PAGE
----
Initially, if the child starts to fall, she will do this with the accelerated fall. She does not have a simple fall that follows the gravitational pull, but will fall with an increasing velocity. This is due to the fact that when we put her into a sitting position we do this against inherent bodily resistance. This resistance is a result of a combination of factors such as backline spasticity and fascial shortening  – which are brought into an elongated tension when she is put in sitting position. As soon as the external support is taken away, the tightness along her back re-contracts and returns to the neutral position, making the velocity of her fall accelerate. We can observe the “snap back” reactions.

At the same time the child has not been able to “index” the variety of positions which a healthy person has in respect to the sitting position.  This huge variety is an  “unknown unknown” for the child.  The bottom of the child cannot grip the surface she is sitting upon and then the entire body goes into a protective reaction.  When the full body stiffening occurs, the child shoots.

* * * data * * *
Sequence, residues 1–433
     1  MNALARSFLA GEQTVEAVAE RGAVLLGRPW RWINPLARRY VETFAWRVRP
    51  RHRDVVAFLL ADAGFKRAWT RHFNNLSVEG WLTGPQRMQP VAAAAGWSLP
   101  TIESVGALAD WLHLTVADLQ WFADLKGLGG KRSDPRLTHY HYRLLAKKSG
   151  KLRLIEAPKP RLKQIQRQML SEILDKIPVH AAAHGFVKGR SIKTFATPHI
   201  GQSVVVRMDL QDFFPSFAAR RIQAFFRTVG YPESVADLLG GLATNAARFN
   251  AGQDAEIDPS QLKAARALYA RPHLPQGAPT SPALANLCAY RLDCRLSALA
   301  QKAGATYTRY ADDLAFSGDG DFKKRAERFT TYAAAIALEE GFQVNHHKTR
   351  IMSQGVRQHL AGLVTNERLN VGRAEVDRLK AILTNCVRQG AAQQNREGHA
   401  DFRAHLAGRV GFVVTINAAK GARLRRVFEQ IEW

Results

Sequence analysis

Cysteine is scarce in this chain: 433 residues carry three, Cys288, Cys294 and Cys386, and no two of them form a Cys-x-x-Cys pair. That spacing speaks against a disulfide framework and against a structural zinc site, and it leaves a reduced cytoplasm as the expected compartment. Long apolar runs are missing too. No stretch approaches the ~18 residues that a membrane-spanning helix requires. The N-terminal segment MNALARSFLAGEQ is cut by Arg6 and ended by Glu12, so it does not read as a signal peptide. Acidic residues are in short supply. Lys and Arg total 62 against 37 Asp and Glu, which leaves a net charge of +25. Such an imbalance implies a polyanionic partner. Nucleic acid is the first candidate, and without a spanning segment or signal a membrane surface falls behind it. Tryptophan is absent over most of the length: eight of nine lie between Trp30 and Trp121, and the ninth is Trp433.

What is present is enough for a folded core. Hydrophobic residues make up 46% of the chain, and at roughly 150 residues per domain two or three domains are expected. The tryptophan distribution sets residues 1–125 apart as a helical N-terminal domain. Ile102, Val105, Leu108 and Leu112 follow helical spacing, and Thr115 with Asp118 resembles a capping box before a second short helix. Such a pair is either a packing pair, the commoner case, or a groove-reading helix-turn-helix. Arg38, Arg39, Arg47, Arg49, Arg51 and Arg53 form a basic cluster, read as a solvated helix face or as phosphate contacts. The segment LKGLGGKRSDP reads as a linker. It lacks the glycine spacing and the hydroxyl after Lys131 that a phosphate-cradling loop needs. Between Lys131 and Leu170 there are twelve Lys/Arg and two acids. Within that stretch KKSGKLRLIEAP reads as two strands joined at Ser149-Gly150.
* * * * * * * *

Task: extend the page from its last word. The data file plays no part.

When she does this, she is simply unable to brake the fall.

  1. If we want her to improve we need help her to go through several phases.
    The first thing that needs to happen is that she can begin to fall with a simple, floppy and loose fall. This will appear when spasticity and fascial tightness in the trunk begins to release and is – never the less – a result of connective tissue strengthening and remodeling. This is a deep and important improvement, but not necessarily yet a functional improvement.  The parent may not even notice when the child goes through this stage.
  2. The next step is that she will be able to begin to slow down the fall. She may not yet have achieved the strength needed to brake the fall entirely, but if we – for example – initiate a change of position, the child will begin to show us that she is trying to slow down the fall.
  3. Thereafter the child will move on to having control of the fall in some positions, but not yet in all of them. The child still cannot really sit alone, but if we change the sitting position, the child will not helplessly go into the falling mode, but will be able to stop the fall at some of the positions between being upright and being completely horizontal.